Elsewhere, a different type of immunotherapy known as CAR-T therapy is also exhibiting efficacy for cancer treatment -- at a cost of $475,000 for a one-time dose.7 While CAR-T is currently only approved for limited indications, that may change soon. Drug makers are hard at work on a wide range of potential applications for this costly technology.
Another feature of cancer drugs is that they are often used in combination therapy. In the case of Keytruda, a study found that when it was used in combination with chemotherapy it could extend the lives of people with advanced lung cancer by 51% compared to chemotherapy alone.8 So in addition to the high cost of Keytruda, we also have the cost of chemotherapy, which, while much less expensive, is still not cheap.
Biomarkers and targeted therapies
One long-established practice is to define cancers primarily by the area of the body in which they originate (i.e. lung cancer). This is now evolving as we increasingly sub-classify cancers according to their underlying biological or genetic factors.8
Improvements in genetic sequencing technologies are revealing a great deal of diversity between subpopulations of cancer cells within individual patients.9 Accordingly, the use of biomarkers is helping to redefine cancer more precisely, and leading to more targeted therapies and changes in the way drugs are developed.10 This has implications for both patients and payers.
Targeted therapies work because oncologists now can search for biomarkers in a person by biopsy, blood, or bodily fluids to get a better sense of the cancer they are seeking to treat. For example, about one in five breast cancers involve a gene mutation that makes an excess of the HER2 protein, which promotes the growth of cancer cells. Testing for that mutation can help determine treatment options that specifically target HER2, which are very effective.11 In fact, many insurers require such a test prior to treatment.11 Yet while the advantage to more precise profiling is more precise treatment, the disadvantage is a more fragmented market for cancer drugs.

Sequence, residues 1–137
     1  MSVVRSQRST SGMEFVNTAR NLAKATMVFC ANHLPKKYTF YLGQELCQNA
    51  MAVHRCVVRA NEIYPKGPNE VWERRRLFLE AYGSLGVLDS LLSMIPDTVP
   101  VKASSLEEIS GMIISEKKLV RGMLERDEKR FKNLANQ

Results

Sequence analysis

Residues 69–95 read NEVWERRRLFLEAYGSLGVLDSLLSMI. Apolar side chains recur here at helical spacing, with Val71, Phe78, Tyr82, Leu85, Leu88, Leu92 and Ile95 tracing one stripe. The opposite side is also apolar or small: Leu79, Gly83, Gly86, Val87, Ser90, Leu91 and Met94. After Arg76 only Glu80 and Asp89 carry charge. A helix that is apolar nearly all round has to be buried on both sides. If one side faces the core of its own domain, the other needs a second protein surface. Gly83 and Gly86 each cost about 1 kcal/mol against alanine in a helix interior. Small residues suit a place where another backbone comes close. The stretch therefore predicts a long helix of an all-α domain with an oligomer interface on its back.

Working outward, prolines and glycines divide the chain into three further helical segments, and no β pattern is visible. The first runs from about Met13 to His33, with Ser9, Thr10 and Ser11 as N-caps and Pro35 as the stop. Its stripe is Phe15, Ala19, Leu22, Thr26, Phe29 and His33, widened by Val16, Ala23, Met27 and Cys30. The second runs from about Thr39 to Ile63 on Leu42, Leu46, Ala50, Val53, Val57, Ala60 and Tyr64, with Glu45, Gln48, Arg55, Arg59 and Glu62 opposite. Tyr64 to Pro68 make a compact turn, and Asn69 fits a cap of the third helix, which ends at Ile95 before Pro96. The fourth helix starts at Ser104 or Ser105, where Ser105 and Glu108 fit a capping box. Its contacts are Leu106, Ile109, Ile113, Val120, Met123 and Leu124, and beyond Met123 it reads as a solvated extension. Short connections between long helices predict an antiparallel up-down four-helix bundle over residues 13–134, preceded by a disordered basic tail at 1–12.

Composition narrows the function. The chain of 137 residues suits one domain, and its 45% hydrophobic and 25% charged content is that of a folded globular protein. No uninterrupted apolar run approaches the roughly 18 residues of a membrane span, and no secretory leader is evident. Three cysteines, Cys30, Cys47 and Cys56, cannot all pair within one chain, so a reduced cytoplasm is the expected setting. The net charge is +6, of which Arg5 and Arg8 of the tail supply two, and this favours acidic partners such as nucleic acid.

We can see the effect of increased precision in the way it impacts how drugs are approved and priced. As the market for cancer is further subdivided, many of the drugs being developed are targeted toward much smaller populations. For example, of the 14 new active substances launched in the U.S. for oncology in 2017, 10 received Orphan Drug designation from the FDA.1 Orphan drugs are those that are aimed at diseases with fewer than 200,000 affected persons.12 We know that diseases with very low numbers of potential patients correlate strongly with high treatment costs.
In addition to Orphan designation, most of the new drugs approved in 2017 received the Breakthrough Therapy designation, which is designed to speed up the FDA approval process.1 While these expedited processes do get therapies to patients faster, it also means that many of these drugs are approved with limited evidence for their efficacy.13
This trend of expedited drug approvals can have real world consequences. In April of 2019, drug maker Eli Lilly said it was withdrawing its drug Lartruvo® (olaratumab) from the market.14 Designed to treat soft tissue sarcoma, a rare type of cancer impacting the connective tissue of the body, Lartruvo was approved in 2016 based on data from a single clinical trial involving 133 patients. Eli Lilly decided to pull the drug after a Phase 3 clinical trial demonstrated that Lartruvo did not improve patient survival compared with controls.11
While the case of Lartruvo is exceptional, it does illustrate the importance of prudence as costly new drugs enter the marketplace. Perhaps a more subtle threat from the flood of new cancer treatments is that they tend to drive out perfectly good existing treatments.
A recent study concluded that FDA approval doesn’t automatically make a new drug better than the treatments doctors are currently using.15 “Although anticancer drug approvals are increasing, a proportion of these drugs are reaching the market without proven superiority to what is considered the standard of care at the time of patient enrollment in pivotal trials,” the study states.
With these considerations in mind, what does the future of oncology treatment hold? One certainty is that the number of available oncology treatments will continue to grow. There are currently more than 700 oncology drugs in late stages of development.1 This number represents a 60% increase from a decade ago, as cancer drugs continue to represent a larger part of the overall drug pipeline.